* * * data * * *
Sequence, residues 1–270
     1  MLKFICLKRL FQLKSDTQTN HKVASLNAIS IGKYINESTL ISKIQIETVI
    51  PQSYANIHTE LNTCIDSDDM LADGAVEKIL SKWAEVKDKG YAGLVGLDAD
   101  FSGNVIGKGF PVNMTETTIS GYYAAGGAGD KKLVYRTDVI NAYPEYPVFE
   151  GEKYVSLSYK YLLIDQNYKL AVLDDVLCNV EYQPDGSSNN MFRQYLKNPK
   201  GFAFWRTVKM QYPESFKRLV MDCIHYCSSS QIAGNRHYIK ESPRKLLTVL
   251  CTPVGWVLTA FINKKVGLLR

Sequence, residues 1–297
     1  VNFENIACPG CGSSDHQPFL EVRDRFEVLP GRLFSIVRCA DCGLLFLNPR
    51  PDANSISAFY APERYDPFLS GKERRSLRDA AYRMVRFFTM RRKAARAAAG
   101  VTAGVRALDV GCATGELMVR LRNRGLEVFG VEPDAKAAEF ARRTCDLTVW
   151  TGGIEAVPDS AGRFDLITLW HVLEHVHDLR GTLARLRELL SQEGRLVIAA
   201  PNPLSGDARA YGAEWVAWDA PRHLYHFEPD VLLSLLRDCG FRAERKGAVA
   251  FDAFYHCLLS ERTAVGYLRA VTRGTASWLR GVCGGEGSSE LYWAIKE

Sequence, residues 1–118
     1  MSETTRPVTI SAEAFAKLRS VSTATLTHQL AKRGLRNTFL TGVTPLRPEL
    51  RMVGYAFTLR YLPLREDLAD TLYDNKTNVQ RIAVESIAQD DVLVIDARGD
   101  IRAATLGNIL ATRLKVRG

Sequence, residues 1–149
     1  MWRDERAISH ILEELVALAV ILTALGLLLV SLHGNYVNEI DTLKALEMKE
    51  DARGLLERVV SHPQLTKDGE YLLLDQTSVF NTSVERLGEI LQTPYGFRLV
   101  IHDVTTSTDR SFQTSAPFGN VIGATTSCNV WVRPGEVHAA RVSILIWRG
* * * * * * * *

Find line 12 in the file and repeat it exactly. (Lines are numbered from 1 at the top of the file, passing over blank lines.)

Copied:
   151  TGGIEAVPDS AGRFDLITLW HVLEHVHDLR GTLARLRELL SQEGRLVIAA